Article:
Teachers at St. Dominic Catholic Secondary School have joined their colleagues across the school board in an effort to support frontline and essential workers by 3D printing ear savers to help reduce the discomfort of wearing masks for prolonged periods.
Teacher and chaplain Paige Forsyth saw photos of other teachers in the Simcoe Muskoka Catholic District School Board using 3D printers, so she mentioned it in an online staff meeting to gauge interest at St. Dominic. The school’s computer technology teacher Greg Albisser uses 3D printers with his students, so he already had one of the printers at home and was interested in helping out. Forsyth got approval to bring the second 3D printer home and Albisser walked her through using it, so they’ve been printing ear savers ever since.
“I was just feeling sort of helpless at home knowing that this resource was at school and there was such a shortage of PPE at the time,” Forsyth said. “I just wanted to get that going and see if our school could make a contribution here in Muskoka.”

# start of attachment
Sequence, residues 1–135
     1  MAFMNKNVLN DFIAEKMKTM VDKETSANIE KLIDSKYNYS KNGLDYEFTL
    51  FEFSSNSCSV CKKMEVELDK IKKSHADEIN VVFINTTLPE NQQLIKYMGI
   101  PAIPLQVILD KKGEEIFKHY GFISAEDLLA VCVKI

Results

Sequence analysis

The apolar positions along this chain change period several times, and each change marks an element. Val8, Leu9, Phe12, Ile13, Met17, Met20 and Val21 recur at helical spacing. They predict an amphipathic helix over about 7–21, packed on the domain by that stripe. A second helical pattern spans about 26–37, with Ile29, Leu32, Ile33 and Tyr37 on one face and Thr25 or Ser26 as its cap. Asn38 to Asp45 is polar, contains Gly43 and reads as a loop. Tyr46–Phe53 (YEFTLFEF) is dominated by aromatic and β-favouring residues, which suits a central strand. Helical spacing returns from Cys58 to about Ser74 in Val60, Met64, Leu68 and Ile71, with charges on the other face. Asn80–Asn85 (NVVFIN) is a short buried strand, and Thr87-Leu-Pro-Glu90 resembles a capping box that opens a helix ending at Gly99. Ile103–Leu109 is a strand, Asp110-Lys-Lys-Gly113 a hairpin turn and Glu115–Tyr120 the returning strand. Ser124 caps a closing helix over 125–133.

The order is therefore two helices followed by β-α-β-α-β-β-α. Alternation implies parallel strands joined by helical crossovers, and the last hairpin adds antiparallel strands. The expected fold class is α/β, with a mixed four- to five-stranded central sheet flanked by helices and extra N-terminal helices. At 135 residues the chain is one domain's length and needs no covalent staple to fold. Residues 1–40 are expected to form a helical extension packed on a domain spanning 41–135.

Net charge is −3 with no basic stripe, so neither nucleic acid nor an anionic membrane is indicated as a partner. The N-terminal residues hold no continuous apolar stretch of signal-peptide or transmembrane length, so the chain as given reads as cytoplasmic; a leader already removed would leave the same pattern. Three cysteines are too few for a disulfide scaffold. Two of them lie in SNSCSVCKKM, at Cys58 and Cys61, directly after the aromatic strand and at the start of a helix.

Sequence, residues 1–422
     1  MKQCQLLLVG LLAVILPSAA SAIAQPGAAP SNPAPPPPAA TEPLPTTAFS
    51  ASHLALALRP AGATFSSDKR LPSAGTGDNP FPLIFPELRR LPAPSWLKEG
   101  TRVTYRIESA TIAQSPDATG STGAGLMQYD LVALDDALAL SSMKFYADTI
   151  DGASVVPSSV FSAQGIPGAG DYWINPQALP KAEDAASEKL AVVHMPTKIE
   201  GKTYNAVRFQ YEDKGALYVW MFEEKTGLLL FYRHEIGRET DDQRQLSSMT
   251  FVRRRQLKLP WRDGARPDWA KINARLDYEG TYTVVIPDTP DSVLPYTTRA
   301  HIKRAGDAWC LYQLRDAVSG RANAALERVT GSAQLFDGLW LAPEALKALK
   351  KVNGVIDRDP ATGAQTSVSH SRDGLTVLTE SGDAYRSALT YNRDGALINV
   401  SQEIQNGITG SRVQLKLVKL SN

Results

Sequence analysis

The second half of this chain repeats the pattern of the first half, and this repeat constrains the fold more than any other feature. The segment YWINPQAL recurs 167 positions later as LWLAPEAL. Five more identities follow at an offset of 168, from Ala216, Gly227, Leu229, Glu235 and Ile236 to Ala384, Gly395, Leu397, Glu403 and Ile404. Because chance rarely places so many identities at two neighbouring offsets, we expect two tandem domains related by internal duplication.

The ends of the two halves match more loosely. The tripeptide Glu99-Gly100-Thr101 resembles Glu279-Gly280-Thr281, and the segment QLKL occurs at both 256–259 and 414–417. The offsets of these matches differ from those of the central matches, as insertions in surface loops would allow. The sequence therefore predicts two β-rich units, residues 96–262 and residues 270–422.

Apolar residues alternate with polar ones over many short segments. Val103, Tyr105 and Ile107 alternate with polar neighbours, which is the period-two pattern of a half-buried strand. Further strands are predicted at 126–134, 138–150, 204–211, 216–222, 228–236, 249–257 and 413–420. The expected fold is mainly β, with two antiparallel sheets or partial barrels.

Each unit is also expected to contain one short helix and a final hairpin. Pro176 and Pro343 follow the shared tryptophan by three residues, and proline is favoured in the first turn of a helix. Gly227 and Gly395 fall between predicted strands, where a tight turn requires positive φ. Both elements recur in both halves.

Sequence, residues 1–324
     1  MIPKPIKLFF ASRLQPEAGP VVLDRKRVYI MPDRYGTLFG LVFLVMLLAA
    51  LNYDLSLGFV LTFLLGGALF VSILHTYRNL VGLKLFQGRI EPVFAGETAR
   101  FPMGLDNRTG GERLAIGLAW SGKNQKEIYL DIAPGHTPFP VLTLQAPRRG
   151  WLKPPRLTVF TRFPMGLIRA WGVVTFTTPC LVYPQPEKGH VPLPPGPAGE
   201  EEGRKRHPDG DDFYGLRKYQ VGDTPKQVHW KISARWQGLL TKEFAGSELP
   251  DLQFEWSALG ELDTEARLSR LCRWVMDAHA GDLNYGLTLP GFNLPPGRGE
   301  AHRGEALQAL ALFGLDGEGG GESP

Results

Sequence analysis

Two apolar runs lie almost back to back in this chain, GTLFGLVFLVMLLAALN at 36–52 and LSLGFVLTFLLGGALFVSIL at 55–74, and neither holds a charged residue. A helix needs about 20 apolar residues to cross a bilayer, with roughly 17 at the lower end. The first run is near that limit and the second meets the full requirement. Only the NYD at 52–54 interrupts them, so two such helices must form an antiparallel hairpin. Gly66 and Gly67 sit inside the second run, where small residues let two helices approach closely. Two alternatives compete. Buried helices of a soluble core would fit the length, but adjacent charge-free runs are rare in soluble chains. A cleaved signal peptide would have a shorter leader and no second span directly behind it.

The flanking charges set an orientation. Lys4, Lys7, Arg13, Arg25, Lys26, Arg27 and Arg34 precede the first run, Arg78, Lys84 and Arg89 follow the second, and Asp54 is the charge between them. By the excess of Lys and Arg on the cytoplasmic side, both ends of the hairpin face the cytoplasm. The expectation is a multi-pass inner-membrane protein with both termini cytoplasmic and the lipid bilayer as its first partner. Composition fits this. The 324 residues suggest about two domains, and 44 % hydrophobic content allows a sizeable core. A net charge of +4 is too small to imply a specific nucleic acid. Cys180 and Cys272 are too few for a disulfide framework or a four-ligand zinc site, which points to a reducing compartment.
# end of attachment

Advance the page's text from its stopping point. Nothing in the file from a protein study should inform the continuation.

Forsyth said she’s seen others sewing or knitting to help address the PPE shortage, but as someone who doesn’t do those things, she felt 3D printing ear savers was a way for her to help with her current skill set.
She delivered 25 ear savers to a doctor’s office in Bracebridge and they’re still working to get the ear savers into the long term care homes, she said. She heard from friends in healthcare that many hospital workers are wearing caps that have buttons to hold on masks, which also serve the purpose of ear savers, so she figured if hospital workers are covered, other essential workers could use the help.
“Maybe it’s time to think about people working drive-thrus, like Tim Hortons drive-thru, McDonald’s drive-thru,” she said. “If they’re feeling like they have sensitivity around the ears from wearing masks all day, then if all the health workers are covered, we can start providing this to some of the frontline workers who aren’t working in healthcare.”
Forsyth said they have about 30 more ear savers that are printed and ready to be given away, and they continue to print more, coming up with about 10 or 12 a day. Forsyth runs the 3D printer from 9 a.m. to 8 p.m. as she helps her daughter with distance learning and they wait for her husband to come home from working as a cleaner in a Bracebridge long-term care home.
“The first initial few weeks, it was very scary for my husband going to work and coming back every day,” Forsyth said. “We were feeling like we wanted to help in a small way from just being at home and so this was an easy way for us to help out the community.”
If you’re an essential worker interested in getting ear savers, contact Paige Forsyth at firstname.lastname@example.org or 705-394-8917.